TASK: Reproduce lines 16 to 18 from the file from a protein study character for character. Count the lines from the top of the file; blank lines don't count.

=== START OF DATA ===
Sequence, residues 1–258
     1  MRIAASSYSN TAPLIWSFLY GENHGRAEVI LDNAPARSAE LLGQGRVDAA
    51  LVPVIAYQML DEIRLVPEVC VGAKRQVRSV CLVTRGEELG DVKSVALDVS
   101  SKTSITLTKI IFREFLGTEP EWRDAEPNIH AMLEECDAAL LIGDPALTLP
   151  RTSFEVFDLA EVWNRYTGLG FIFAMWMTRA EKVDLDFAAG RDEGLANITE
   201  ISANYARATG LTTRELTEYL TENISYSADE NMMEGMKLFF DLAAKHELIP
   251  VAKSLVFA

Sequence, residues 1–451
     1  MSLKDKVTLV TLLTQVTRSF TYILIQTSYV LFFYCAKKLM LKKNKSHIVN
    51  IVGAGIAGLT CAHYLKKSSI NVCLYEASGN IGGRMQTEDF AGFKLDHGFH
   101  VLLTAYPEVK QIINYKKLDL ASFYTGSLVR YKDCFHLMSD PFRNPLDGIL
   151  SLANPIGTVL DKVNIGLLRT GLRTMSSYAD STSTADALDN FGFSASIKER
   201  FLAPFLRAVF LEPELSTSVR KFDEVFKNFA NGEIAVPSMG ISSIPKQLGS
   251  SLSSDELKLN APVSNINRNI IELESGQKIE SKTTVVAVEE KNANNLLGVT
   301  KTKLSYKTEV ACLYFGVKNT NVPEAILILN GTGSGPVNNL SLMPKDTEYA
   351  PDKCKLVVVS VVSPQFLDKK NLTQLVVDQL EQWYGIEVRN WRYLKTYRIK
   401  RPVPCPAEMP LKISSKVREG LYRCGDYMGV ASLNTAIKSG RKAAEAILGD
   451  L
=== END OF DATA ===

   351  PDKCKLVVVS VVSPQFLDKK NLTQLVVDQL EQWYGIEVRN WRYLKTYRIK
   401  RPVPCPAEMP LKISSKVREG LYRCGDYMGV ASLNTAIKSG RKAAEAILGD
   451  L